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Someone mentioned, in a comment on one of my previous questions, that Muslims believe that King David was a Muslim.

Is this indeed the generally held belief across the Muslim world?

How can this be? David was the king of Israel, from the Tribe of Judah, wrote commentary on the Torah and led the Jewish people. Also there is no evidence he was ever in Mecca. If he was Muslim, how can you explain all the historical contradictions?

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    Please read a little bit about Islam before asking your questions: discover.islamway.net/articles.php?article_id=2 has a section on the other messengers and prophets from God that Islam requires belief in. Also islam.about.com/od/prophets/p/prophets.htm – Ansari Oct 8 '13 at 15:16
  • Muslim doesn't refer only to the current generation of Muslims. It's a universal religion and covers all those who were before us. Until the advent of Islam, all those who lived and believed in the previous religions were Muslims(Submitters to God). But after Islam all those religions became abrogated and people were asked to follow the new text brought by the Prophet Muhammad(PUBH). – Noah Oct 9 '13 at 10:04
  • @Noah so everyone following the Torah - like King David - were actually Muslims. But then Muhammad (PBUH) came with a new text from God and asked people to follow it. And those that stuck with the original word from God are no longer Muslims. Am I understanding it correctly? – Curious1 Oct 9 '13 at 14:59
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It is a common misconception that Muhammad somehow "invented" Islam. Rather, the term "Muslim" means one who submits himself to God. King David, who ruled the kingdom of Israel under God's command while still submitting to His authority, was as much a Muslim as Muhammad was.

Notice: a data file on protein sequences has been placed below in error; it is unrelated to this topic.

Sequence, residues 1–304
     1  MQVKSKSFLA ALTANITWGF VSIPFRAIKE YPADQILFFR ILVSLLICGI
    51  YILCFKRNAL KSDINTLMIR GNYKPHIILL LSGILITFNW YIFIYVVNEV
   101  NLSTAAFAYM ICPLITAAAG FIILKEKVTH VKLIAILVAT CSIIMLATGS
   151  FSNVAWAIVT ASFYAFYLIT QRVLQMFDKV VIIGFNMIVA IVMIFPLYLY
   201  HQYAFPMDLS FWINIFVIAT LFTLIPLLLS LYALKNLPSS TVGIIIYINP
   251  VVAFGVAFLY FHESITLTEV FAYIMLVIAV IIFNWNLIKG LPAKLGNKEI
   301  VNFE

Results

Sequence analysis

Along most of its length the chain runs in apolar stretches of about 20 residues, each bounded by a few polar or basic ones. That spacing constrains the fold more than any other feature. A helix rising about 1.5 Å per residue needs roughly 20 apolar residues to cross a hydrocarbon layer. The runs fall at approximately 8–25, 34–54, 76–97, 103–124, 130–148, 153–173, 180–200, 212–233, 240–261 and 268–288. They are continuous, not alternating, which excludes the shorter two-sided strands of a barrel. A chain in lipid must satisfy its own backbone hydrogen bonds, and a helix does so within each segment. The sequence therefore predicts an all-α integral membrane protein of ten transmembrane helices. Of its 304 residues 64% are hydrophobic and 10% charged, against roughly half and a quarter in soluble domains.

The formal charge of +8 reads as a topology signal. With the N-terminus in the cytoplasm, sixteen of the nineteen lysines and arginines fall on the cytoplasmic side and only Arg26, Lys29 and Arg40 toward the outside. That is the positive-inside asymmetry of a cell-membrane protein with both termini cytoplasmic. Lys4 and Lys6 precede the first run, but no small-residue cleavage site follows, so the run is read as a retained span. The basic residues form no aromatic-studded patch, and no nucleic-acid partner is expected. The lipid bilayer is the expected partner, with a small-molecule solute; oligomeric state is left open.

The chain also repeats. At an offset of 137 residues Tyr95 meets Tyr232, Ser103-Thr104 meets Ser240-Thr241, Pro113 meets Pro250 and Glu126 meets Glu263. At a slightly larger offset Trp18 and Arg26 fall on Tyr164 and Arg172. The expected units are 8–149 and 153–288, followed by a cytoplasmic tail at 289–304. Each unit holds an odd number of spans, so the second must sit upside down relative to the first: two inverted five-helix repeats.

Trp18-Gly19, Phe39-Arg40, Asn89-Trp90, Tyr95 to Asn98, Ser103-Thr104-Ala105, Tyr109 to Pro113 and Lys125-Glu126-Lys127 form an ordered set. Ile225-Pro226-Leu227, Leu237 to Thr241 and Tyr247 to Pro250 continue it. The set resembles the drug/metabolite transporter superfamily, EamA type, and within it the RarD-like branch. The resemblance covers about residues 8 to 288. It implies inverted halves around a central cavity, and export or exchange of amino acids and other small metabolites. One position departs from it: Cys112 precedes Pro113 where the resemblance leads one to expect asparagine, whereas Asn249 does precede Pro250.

It has nothing at all to do with being in Mecca.

  • According to that explanation, Jews, Christians, and others who submit to God, would also be referred to as "Muslims", would they not? Why do Muslims refer to people from these groups as infidels? – Curious1 Oct 9 '13 at 14:52
  • @Curious1 If they truly submit to God, then yes they would by definition be Muslims. – goldPseudo Oct 9 '13 at 18:15
  • @Curious1 To truly submit to God, you have to believe in Islam. You can't say you're truly submitting to God when believing in a religion that God doesn't want you to. In the time of King David (PBUH), his religion was the truth. So he really was submitting to God. Over time his teachings were corrupted and nowadays the only Muslims are those who follow the Prophet Muhammad (PBUH). Similarly, during the time of Jesus (PBUH), the only Muslims were those who accepted/followed Jesus; and the same holds for all prophets of God. They all came to correct the true message from God. – Artus Mar 25 '15 at 10:07
  • @Erciyes but the Prophet Muhammad was not alive in the time of King David. How would David know to follow him? – Curious1 Jun 26 '15 at 17:16
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    @Curious1, He followed the commands of God, doing so in itself means he submitted to God, i.e. became a Muslim – Aboudi Mar 29 '16 at 8:00
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King David, also known as Dawood (peace be upon him), was one of the great Prophets of Allah, and he is mentioned in the Quran. And as is known all Prophets came with the same message, and that was Islam, though the practices may defer according to their times their message is theologically the same. Furthermore, Dawood (peace and blessings be upon him) was a Prophet of Bani Isra'eel, and being in Makkah has nothing to do with being Muslim.

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You'll need to read in the old testament of the bible i believe the psalms where david speaks about being in the hills of his fathers house at bacca. This is one of the ancient names of the holy city mecca

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